We seem to have got ourselves a new champion this side of the water. When
Norm and the
New Yankee Workshop was on the boob-tube, SWMBO would start yawning and
comments about finding something better to watch. Feedback from other
woodworkers said they
got the same sort of thing from their bosses.
Around the begining of December I dicovered the PBS channel here in the UK
and a new show
to me called Rough Cuts hosted by Tommy Macdonald. SWMBO saw me watching
and suddenly started to take an interest in woodworking, demanding that I
find out when the show
was on next. She finally walked away muttering 'bout twenty-something hunks
shows and passing the word around to her friends. All of a sudden I can
watch woodworking shows
without a load of grief.
Happy 2012 everyone
On Fri, 13 Jan 2012 20:14:19 +0000, Mike Stanford wrote:
I watched the first few episodes of the show and gave up. Macdonald
always seemed to skip over the difficult parts in order to cram a project
into the half hour format. And his voice and accent grated on my ear.
My wife didn't seem impressed either.
Intelligence is an experiment that failed - G. B. Shaw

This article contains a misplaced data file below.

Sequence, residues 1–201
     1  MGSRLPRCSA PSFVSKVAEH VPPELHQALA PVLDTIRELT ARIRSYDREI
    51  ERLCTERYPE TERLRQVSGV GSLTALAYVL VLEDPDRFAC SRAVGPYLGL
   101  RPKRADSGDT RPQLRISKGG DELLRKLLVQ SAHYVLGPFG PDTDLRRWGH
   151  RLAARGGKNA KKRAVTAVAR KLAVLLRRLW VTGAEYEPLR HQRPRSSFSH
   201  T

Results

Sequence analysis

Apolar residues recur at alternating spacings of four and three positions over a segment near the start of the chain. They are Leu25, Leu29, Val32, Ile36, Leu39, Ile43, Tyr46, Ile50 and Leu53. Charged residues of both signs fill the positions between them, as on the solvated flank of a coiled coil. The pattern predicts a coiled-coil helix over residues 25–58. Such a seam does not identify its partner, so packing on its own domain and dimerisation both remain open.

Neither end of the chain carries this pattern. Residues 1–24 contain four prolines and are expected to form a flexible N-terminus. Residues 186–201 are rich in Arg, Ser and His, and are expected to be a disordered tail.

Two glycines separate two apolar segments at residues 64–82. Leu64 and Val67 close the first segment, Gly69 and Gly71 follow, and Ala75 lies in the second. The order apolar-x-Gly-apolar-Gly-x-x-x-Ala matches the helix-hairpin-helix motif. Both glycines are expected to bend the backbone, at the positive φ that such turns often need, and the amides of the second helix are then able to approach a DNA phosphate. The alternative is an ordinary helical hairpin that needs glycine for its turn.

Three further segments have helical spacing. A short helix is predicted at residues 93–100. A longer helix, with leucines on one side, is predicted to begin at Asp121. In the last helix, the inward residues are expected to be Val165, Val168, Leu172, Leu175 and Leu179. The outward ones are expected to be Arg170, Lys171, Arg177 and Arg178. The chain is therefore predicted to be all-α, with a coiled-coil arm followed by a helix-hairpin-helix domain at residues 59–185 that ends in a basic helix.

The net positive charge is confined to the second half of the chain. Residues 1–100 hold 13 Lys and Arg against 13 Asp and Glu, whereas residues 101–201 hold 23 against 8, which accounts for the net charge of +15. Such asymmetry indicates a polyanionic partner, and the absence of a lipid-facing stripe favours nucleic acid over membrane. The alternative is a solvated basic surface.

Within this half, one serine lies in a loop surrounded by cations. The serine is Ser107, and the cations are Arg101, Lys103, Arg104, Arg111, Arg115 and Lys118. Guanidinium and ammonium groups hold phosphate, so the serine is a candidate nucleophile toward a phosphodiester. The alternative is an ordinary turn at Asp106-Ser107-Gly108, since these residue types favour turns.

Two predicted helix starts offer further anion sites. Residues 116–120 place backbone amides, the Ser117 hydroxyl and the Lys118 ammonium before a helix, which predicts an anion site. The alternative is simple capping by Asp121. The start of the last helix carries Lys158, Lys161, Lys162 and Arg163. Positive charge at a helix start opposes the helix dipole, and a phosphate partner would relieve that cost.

The second season is a lot better in the flow than the first was.
I'm sure it doesn't have much to offer the old hands. He seems
specificly aimed at the beginner who might be discouraged. Each
show seems to start with some variation of, "This may look big, but
you can do it."
I still suspect that his idea of "a few basic tools" is out of line
with what beginners have, but the show is sponsored by Woodcraft.
They can go shopping.
"Please understand that we are considerably less interested
email@example.com (Drew Lawson) wrote in
I wonder if taking a cue from Good Eats would be interesting. Find a
project that features a tool and then go shopping and look at the various
options. It's harder to be brand-agnostic with tools than it is pans, but
some nice features could be pointed out (Bosch, when are you going to put
LED lights on your jigsaws?) and a tool or two could be selected.
I guess Miriam Johnson does something similar on Hometime.
In a Dilbert strip, Alice is standing at Wally's cubicle holding a piece of
paper with an astonished look:
Alice: "Does the new copier's repairman REALLY work without a shirt?"
Wally: "Only if you get the 'Thor' package."
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